The headphones also support multipoint pairing. Enabling multipoint pairing is a little bit tricky, but you just have to follow the instructions from the user manual or watch this YouTube tutorial.
Multipoint Pairing Tutorial
The battery is the only thing we don’t like about these headphones. It can deliver only 6 hours of playtime (at 50% volume). For. $90, we have expected a little bit more. AfterShokz tried to make them as light as possible and that’s probably the reason why the playtime is so short. You won’t get better playtime with any other pair of bone conduction headphones, but we are still not happy.
The microphones work just fine when there is not too much noise around you, but if you are in a noisy environment or if there is too much wind, it becomes almost impossible to make/take calls.
Trekz Titanium headphones don’t deliver the same sound quality as some regular headphones within the same price range, but they are still better than other bone conduction headphones.
The biggest problem with all bone conduction headphones is the bass response. Their working principle is the main factor that prevents them from producing better bass and it’s practically impossible for bone conduction headphones to compete with regular headphones when it comes to bass. It’s simply too weak and it lacks serious impact.
These headphones are more appropriate for listening to podcasts because of clear mids and highs. Vocals are perfectly clear and intelligible.
The headphones can get pretty loud and one of the issues is sound leakage. It’s not huge but it’s noticeable at high volumes.
Noise isolation is nonexistent since your ears are left open. That’s kind of the point of bone conduction headphones. You can use the earplugs if you want to block the noise and you will definitely improve the sound quality that way, but the point of bone conduction headphones is to make you more aware of your surroundings and not to completely isolate you from the ambient noise.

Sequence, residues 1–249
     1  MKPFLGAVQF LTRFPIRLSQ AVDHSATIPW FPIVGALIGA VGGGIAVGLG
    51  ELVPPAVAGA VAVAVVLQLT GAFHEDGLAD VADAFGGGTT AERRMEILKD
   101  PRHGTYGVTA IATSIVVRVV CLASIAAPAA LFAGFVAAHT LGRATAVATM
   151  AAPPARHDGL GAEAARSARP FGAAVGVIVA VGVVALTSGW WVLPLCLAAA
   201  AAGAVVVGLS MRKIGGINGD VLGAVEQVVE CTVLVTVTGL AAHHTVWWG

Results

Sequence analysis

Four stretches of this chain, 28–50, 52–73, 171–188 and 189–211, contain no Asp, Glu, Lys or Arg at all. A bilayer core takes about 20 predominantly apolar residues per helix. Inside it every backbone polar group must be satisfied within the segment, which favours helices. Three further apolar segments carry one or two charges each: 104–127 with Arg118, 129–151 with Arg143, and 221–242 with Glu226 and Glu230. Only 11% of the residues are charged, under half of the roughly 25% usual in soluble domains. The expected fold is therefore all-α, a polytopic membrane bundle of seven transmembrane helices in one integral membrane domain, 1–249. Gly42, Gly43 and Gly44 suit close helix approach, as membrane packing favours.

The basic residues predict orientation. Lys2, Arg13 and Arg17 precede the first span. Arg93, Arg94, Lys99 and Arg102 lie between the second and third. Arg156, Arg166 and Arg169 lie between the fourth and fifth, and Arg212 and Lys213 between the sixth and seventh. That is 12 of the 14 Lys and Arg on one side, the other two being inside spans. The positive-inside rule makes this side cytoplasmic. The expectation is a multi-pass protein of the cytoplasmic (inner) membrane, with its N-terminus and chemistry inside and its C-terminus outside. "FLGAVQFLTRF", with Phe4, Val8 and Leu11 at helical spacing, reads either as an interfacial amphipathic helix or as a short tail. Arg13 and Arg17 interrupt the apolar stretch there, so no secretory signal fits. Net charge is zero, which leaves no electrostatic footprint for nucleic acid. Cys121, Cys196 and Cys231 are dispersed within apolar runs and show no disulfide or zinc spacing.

The number of competitors worth mentioning is actually quite small. We’ve picked three more headphone models for you.
Aftershokz Bluez 2
AfterShokz Bluez 2 is the very first wireless model made by AfterShokz. They are $20 cheaper than Trekz Titanium but we think that Trekz Titanium are still worth the price.
Bluez 2 are shaped the same as Trekz Titanium but they are not even close to Trekz Titanium when it comes to build quality. Bluez 2 headphones are made of plastic while Trekz Titanium headphones are made of titanium and coated with silicone. Trekz Titanium headphones are also IP55-certified. The manufacturer claims that Bluez 2 headphones are water resistant but doesn’t offer any info on the IPX rating (which probably means they are not tested). On the other hand, the upgraded version of Bluez 2 called Bluez 2S features IP55 rating.
Trekz Titanium headphones are also a better choice than Bluez 2 when it comes to comfort and fit.
Trekz Titanium headphones feature Bluetooth 4.1 while Bluez 2 feature Bluetooth 3.0. They have the same Bluetooth range, but Trekz Titanium deliver better connection. Trekz Titanium headphones also support multipoint pairing while Bluez 2 headphones don’t.
Both headphones deliver the same playtime and have built-in mics.
Trekz Titanium deliver significantly better sound quality.
AfterShokz Trekz Air
Trekz Air is the upgraded version of Trekz Titanium. In many ways, they are very similar to Trekz Titanium, but they are significantly pricier. In our opinion, Trekz Air headphones offer slightly better performance, but not better enough to justify the price difference.
In terms of design and build quality, these two models are practically the same. The number of control buttons and their placement is also the same.